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Harold W. Gilman
Credited to W. Stewartstown, Coos Co. NH
Harold W. Gilman was born 8 April 1889 in Groton VT, son of Herman A & Abbie L. (Richardson) Gilman. He completed his WWI Registration form while living in W. Stewartstown NH, a hotel proprietor.  He was single, tall with a medium build, blue eyes and brown hair.  His death certificate states he died 29 April 1918 in Northumberland NH, however it also mentions Groveton Hospital in Groveton. He was an inmate there only 26 hours, his cause of death, accidental fracture of the skull from an automobile accident.  The Essex County Herald newspaper of Guildhall VT 3 May 1918 reported: “KILLED IN AUTO SMASH-UP. Harold W. Gilman, Formerly Proprietor of Stewart House is Dead from Injuries Received in Auto Accident Near Groveton, N.H. Harold W. Gilman better know to the traveling public as “Ted” was picked up in an unconscious condition near Groveton, N.H., Sunday morning with his skull crushed and practically very bone in the upper part of the body broken. He was taken to the hospital but his injuries were such that nothing could be done to help his condition and his death occurred Monday morning. Harold was a member of the National army stationed at Camp Devens in the motor truck division. He was the only son of Mr. and Mrs. H.L. Gilman of Lancaster, N.H. and was home on a short furlough. On Sunday evening he attended an entertainment at North Stratford, N.H. and had taken a party of guests to their homes and was on his way back when he in some manner lost control of his machine which struck a railing causing the smash up. “Ted” was well known here where he was clerk and proprietor of the Stewart House for nearly two years. From here he went to West Stewartstown N.H. and was proprietor of the Stewartstown House. He was proprietor of the Fiske House, Whitefield, N.H. when he left for Camp Devens. He was 24 years old April 8 and passed his boyhood days in Groton, VT where the body was taken for burial Wednesday. He was the only child of Mr. and Mrs. H.L. Gilman and their many friends express the deepest sympathy in their great sorrow.”   He was buried in Groton Village Cemetery, Groton VT.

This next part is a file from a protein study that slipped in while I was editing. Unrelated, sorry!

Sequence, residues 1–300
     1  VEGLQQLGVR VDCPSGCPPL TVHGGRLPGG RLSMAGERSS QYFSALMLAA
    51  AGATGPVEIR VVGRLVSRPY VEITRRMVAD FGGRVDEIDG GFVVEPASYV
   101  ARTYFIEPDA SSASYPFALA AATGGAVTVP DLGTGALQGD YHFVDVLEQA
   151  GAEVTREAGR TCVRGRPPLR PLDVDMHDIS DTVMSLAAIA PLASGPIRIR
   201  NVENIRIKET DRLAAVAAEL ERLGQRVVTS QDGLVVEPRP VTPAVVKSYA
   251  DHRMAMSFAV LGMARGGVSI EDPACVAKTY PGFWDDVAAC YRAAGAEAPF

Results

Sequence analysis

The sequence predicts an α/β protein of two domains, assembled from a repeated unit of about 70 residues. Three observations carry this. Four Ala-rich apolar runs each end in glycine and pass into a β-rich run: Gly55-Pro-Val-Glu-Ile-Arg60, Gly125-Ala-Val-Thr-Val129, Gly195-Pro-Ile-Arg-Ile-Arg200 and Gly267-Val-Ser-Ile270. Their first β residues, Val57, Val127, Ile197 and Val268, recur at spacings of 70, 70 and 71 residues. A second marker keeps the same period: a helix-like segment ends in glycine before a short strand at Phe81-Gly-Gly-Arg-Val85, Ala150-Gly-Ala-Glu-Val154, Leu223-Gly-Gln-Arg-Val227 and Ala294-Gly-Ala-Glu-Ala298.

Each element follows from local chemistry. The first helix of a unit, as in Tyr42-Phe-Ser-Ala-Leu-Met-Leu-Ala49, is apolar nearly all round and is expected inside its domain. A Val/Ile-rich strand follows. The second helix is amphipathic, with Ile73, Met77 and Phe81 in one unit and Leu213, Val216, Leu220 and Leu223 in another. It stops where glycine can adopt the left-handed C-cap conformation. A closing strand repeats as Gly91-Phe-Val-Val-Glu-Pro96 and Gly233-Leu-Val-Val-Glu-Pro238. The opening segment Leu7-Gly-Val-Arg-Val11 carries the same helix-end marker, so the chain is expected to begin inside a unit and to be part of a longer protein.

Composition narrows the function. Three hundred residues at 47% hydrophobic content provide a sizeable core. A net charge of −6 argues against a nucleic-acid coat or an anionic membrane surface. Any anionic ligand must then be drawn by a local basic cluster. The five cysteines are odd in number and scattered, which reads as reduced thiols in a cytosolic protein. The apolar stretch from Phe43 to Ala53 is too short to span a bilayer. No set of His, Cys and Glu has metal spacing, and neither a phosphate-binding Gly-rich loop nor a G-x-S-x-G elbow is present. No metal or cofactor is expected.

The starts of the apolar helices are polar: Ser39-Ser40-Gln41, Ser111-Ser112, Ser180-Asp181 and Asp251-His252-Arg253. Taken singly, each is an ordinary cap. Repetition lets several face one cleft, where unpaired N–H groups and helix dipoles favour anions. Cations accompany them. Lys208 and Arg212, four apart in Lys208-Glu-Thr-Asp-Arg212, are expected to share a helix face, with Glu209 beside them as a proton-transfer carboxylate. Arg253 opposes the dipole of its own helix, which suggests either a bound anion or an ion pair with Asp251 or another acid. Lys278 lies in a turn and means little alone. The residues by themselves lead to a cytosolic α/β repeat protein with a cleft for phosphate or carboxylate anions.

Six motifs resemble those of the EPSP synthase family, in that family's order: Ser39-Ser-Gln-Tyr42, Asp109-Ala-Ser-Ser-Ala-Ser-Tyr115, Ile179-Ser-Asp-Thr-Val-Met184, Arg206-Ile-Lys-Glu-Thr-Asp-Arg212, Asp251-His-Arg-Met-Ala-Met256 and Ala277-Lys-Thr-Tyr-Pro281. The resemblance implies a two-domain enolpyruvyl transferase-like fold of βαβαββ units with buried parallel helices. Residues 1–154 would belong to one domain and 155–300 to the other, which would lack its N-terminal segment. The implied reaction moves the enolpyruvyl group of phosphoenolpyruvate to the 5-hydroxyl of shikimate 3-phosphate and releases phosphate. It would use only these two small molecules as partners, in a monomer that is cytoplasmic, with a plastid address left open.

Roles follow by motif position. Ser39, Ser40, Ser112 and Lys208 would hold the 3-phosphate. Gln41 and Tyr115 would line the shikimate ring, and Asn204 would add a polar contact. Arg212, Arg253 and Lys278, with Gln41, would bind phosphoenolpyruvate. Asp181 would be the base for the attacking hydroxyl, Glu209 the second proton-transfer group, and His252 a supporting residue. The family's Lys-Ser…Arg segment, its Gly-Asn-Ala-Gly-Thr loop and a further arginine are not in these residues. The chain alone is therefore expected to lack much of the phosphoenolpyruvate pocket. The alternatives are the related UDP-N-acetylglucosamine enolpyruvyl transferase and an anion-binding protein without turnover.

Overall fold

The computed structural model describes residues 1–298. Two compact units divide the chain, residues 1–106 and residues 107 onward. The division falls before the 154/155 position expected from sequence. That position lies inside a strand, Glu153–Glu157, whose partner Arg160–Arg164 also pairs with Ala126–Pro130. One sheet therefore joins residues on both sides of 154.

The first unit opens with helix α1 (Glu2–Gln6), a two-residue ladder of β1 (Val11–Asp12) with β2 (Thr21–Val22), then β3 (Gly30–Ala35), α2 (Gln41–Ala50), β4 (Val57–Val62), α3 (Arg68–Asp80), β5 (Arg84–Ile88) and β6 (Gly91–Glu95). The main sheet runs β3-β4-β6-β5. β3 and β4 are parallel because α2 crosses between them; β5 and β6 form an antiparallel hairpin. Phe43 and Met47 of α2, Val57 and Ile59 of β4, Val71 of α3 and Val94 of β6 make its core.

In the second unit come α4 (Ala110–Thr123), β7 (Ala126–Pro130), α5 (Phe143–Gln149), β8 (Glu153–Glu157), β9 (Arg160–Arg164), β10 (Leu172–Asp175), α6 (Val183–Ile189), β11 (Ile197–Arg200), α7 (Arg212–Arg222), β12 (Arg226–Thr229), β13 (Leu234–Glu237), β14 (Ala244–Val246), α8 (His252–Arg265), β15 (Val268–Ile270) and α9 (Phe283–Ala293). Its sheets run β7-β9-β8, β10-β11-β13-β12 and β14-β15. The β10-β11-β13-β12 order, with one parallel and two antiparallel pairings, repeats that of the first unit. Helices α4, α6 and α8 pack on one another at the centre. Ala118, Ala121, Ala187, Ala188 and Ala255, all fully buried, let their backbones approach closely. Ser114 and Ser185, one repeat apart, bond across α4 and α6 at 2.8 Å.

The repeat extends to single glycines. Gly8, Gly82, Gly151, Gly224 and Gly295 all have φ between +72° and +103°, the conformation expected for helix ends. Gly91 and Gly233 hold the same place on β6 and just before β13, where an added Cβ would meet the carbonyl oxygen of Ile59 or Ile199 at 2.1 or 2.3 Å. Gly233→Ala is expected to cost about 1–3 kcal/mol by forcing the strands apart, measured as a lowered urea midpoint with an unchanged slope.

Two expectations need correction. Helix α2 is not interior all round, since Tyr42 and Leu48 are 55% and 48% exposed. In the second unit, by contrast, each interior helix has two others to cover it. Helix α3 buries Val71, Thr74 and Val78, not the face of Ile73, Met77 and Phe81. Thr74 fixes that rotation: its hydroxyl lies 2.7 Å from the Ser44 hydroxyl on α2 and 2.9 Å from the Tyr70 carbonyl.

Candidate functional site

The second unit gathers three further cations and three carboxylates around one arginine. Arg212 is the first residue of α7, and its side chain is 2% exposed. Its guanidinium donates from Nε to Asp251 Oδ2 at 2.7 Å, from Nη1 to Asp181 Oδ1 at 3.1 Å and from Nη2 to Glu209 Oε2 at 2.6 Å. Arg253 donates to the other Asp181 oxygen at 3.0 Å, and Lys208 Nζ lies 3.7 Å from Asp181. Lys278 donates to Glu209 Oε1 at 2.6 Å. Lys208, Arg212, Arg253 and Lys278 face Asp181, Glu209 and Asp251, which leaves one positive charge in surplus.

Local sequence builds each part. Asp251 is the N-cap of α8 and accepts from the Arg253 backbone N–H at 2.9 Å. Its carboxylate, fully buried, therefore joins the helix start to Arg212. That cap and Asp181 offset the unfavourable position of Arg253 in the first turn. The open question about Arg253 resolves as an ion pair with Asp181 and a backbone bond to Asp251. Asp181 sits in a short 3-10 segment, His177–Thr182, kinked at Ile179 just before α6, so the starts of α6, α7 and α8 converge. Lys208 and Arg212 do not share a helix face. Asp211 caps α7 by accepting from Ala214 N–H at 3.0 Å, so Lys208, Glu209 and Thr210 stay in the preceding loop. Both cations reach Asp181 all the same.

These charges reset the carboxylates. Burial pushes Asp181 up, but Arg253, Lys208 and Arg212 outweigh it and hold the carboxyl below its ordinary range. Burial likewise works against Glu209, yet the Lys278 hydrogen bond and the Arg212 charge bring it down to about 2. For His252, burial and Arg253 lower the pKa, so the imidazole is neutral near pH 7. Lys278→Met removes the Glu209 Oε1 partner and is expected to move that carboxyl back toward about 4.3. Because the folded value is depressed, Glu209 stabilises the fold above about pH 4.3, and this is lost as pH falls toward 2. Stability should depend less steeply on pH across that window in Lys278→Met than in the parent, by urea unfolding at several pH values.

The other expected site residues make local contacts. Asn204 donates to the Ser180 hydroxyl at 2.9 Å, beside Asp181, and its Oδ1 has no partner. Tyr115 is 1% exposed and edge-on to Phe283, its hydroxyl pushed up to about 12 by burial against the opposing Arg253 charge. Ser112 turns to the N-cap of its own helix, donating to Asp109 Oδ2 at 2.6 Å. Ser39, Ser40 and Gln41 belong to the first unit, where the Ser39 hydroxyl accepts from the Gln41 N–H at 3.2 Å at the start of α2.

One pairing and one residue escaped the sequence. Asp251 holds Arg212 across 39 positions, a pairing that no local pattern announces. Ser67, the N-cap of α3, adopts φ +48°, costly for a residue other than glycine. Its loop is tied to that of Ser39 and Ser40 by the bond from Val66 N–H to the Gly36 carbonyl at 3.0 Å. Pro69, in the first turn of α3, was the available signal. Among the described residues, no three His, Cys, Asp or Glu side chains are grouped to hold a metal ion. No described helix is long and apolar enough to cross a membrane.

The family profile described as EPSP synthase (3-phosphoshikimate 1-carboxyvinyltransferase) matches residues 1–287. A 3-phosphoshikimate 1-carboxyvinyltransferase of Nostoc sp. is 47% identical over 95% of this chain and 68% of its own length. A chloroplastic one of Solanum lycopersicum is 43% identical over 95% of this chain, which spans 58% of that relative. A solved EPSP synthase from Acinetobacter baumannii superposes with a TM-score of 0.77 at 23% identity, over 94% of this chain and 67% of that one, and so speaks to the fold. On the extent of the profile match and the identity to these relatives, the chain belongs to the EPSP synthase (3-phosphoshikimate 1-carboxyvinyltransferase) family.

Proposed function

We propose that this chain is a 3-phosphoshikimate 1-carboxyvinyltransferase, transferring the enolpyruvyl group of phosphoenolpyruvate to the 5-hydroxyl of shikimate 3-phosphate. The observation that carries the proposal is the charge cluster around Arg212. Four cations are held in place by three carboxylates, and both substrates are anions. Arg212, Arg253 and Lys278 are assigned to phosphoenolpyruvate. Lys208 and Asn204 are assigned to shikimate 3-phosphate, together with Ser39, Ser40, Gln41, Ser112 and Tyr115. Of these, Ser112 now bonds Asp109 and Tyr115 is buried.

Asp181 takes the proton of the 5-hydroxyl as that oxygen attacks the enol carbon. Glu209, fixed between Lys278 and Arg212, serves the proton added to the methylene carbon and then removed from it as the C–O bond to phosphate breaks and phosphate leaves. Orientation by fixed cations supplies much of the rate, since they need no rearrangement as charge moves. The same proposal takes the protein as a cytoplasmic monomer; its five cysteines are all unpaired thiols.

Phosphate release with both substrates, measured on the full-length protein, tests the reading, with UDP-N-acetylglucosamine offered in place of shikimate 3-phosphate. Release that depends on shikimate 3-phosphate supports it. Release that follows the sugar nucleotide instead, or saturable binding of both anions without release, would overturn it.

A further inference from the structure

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George Henry Wentworth
Credited to Gorham, Coos County
George Henry Wentworth was born born 8 November 1893 in W. Milan NH, son of Porter & Mary Johanna (Hurley) Wentworth.  He completed his WWI Registration form noting that he was single, and had served as a Private in the NH National Guard Infantry for 3 years. U.S. Military Transport Passenger Lists show that he had a service number of 388066, and was in the 1st Battery training at Camp Jackson for military service. As part of the replacement draft Private George H. Wentworth was sent to Europe aboard the ship Harrisburg on 22 July 1918 from New York City.  He died of disease before 27 December 1918 when notices were placed in newspapers about his death. Though at first probably buried near the battlefield where he fell, his remains were returned to the United States from Antwerp, Belgium on the ship Wheaton, arriving in Hoboken NJ on 2 July 1921. Those transport records show him as a member of Battery B, 121st Field Artillery. His military marker in Holy Family Cemetery, Gorham NH shows:
George H. Wentworth
1893-1918
Died In France
Battery B 121 F.A.

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[Editor’s Note: this story is part of an on-going series about heroic New Hampshire men and women of World War I.  Look here for the entire listing].

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3 Responses to New Hampshire WWI Military: More Heroes of Coos County

  1. Amy says:

    Interesting that Gilman is counted here as a WWI death when he was killed in a car accident while on furlough. Does that really count as a war death?